Menton Gill is longing to become a cowboy actor and leaves his hometown to try his luck in Hollywood, but there his acting ability is regarded as non-existent. Actress Flips gives him a ... See full summary »
Shirley's a middle-aged Liverpool housewife, who finds herself talking to the wall while she prepares her husband's chip'n'egg, wondering what happened to her life. She compares scenes in ... See full summary »
Wealthy socialite Elizabeth Flagg is courted by persistent Michael McLain, despite her protests that she is a married woman. McLain is just charming enough to attract Elizabeth into a ... See full summary »
Three working girls in Budapest pool their resources to get a better apartment and impress their dates. One dates a nobleman and, learning of her rejection by him, considers poison. Another... See full summary »
In Monte Carlo, Theo Wilkins recruits his young protégé Paul Mason - just released from prison - to help him rob the famous casino of $4 million. The plan is straightforward. On the night ... See full summary »
Edward G. Robinson,
In a luxury hotel stage director Nicoleff stages a show to get the money to pay his bills. Mrs. Prentiss, who is backing the show wants her daughter Ann to marry the millionaire T. Mosely ... See full summary »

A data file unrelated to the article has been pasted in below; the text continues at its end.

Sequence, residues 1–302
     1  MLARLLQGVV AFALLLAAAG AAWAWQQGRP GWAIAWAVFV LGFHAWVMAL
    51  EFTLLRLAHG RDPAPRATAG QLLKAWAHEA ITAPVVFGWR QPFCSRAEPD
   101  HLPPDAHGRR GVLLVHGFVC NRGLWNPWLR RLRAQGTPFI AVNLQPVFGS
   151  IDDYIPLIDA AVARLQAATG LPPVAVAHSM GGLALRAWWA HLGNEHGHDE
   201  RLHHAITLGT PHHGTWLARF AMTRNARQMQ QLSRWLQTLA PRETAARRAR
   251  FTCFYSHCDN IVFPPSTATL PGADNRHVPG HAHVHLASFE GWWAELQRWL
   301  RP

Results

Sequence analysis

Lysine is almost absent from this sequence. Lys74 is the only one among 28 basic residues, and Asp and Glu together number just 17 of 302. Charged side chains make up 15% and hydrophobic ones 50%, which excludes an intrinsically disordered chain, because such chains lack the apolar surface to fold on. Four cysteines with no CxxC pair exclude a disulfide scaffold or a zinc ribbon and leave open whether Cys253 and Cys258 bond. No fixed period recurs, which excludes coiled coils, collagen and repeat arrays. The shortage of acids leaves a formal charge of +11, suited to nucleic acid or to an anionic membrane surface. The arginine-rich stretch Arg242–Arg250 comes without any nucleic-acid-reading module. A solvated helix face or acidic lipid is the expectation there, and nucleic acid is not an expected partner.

During the 14th century when the Hundred-Year War between France and England ends with the English occupation of French Aquitainia rebel French knights vow to oust Prince Edward of Walles, ruler of Aquitainia.
Roddy McDowall was co-producer of this film and cast his mother, Winifriede McDowall, in the small role of the innkeeper's wife. Winifriede had dreamed of being an actress, but this was her only film role. See more »
The above reviewer made the exact points that I would make. Roddy McDowall was a natural for David Balfour, but the addition of a love interest spoiled the plot. They did the same thing in the 1938 version, only the love interest was for Warner Baxter's Alan Breck.
The only version of this tale to stick to the real Stevenson plot was the 1960 Disney version.
Also, I agree that Dan O'Herlihy made Alan Breck too genteel and dainty. Peter Finch fit the character. If only we could pluck Roddy McDowall out of 1948 and drop him down into 1960 to replace James MacArthur in the Disney version! --- Stan
3 of 4 people found this review helpful.
Was this review helpful to you?